Why unrealistic optimism is scuppering your retirement plans

In a study published in the journal Risk Analysis[i], scientists found that people tend to underestimate the risk of medical interventions and overestimate their benefits, meaning they convince themselves that it’s better to undergo an operation or invasive medical treatment, than not – even if the chances of negative consequences are reasonably high.
 
This finding says so much about human psychology. Optimism bias – where people believe that they are unlikely to experience a negative event – is common across all genders, nationalities, age and ethnicity.  We saw it in action amid the coronavirus crisis as people flocked to pubs and restaurants before ‘lock-down’ ensued, and then continued to attend parks and natural beauty spots, despite the restrictions. Most of us are pre-disposed to the belief that ‘it will never happen to me’.
 

Underestimating retirement

But what if that belief transcends our finances? As wealth planners, we see the consequences of unrealistic optimism every day. Many of the people we meet are primarily concerned with paying the bills and school fees, while also affording a nice holiday or two a year. Yet a surprising number are giving little or no thought to how they will maintain their lifestyle in retirement. This issue is not wealth specific. Somewhere, deep seated in human psychology, lies a belief that it will all work itself out for the best, regardless of what you want to achieve in retirement.
 
As part of our ‘What’s Your Number’ study[ii], we interviewed 1,500 UK adults and uncovered some worrying findings. Just 12% of people under age 55 had set a target for their pension savings, which means around 18 million UK adults could be on course for a crushing disappointment. And for those who have set a target, it’s looking likely that it will fall short of expectation. As the diagram below shows, we found that the average targeted retirement pot is £355,000, which would produce an average annual retirement income of £13,000. Given the desired annual retirement income for the average UK adult is £34,000, that’s a big shortfall. And the same applies to wealthier individuals, who have a desired annual income of £59,000 a year but are on target for an average of £24,800.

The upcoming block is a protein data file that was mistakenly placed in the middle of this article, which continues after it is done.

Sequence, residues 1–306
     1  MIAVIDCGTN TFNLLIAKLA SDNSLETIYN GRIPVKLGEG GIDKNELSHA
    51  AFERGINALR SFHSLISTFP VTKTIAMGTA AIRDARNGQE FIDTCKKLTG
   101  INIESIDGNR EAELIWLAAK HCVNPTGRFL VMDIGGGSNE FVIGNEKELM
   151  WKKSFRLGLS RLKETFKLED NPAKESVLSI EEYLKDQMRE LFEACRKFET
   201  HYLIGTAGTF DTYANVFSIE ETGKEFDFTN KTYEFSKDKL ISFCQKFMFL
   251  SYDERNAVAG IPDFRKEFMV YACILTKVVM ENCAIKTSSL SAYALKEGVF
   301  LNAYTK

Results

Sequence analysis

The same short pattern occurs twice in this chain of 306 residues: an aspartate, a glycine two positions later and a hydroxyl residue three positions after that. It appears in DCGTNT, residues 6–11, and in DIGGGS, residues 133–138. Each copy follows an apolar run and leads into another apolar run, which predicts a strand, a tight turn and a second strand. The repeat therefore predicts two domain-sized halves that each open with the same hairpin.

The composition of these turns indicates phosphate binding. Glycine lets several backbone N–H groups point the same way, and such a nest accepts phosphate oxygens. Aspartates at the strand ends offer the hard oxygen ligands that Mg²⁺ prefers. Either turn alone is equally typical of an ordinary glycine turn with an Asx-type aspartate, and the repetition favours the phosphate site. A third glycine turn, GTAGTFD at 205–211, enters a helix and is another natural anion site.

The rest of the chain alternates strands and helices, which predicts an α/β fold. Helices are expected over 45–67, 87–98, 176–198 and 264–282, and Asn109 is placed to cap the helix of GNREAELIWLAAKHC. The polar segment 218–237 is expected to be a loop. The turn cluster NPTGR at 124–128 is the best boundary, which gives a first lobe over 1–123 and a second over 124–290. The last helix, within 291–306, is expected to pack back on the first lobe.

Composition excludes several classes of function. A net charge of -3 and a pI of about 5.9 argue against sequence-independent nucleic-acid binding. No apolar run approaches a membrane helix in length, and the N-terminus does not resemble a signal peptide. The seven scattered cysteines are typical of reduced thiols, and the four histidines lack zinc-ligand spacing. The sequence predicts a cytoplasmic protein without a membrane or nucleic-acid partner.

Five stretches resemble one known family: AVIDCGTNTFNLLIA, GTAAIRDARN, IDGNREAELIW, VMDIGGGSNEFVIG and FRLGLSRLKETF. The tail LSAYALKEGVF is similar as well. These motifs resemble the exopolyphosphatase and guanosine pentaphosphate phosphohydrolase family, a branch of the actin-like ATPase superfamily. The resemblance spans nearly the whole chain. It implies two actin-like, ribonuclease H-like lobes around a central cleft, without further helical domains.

graph300.JPG


Facing up to retirement reality

Usually it takes a shocking event to bring the reality of certain risks home to people. Whether it’s your best friend fighting lung cancer because of years of smoking, or watching a hard-hitting documentary on climate change, it will take something significant to effect a change in behaviour.
 
As the longer-term economic repercussions of the recent coronavirus crisis unfold, we may hear some shocking stories of people who have found themselves close to poverty in retirement as a result of inadequate preparation for this unexpected shock. If the younger generation sit up and take note, then at least some good might come of it. But the trouble with misplaced optimism when it comes to retirement, is that by the time reality strikes, it could be too late. To avoid falling victim to any unintended consequences, ask yourself three simple questions:
 

  1. At what age would you like to stop working or have the financial freedom to do something different?

  2. What’s the monthly income you’ll need to support that new lifestyle?

  3. What’s the size of the pension fund you’d need to generate that income?

    If you’re struggling to answer any of these questions, then we highly recommend you seek help from an expert. Our study found that 82% of people who have sought financial advice have set an achievable target for retirement, and 88% of longer-standing advised clients state they are either happy or very happy with the current state of their finances.
    Get your finances on track


Retirement planning should not be left to chance

Financial advisers are ideally placed to help you set achievable financial targets, as well as be more realistic about when you can retire and how much income you can expect to receive. They can also help you manage different income streams, ensuring you minimise your tax bill both before and throughout retirement (yes – you do continue to pay income tax when you retire).
 
Despite this, nearly half of people (48%) in our survey have never spoken to a financial adviser, including 19% of the highest-earning people. There are good, trustworthy experts out there who can help you, regardless of your age or wealth. Investing your time and money now can, and will, pay dividends in the future. If you don’t want to seek help from a financial adviser then please do get in touch with the Pensions Advisory Service. They offer free and impartial guidance to people with workplace and personal pensions.
 
Either way, don’t run the risk of falling short in retirement, and don’t believe it will all work itself out in the end. You will, and it won’t.


[i] www.sciencedaily.com/releases/2018/10/181025113221.htm

[ii] The survey findings within this article have been taken from our ‘What’s Your Number’ report - www.sanlam.co.uk/document-repository/group-brochures/2040-what-s-your-number-research-report
 
The information and opinion contained in this article should not be treated as a forecast, research or advice to buy or sell any particular investment or to adopt any investment strategy. You should seek personalised financial advice before taking any action. Any expressions of opinion are subject to change without notice.

Past performance is not a reliable indicator of future results. Investing involves risk and the value of investments, and the income from them, may fall as well as rise and are not guaranteed. Investors may not get back the original amount invested.

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04 May 2020
A time for patience

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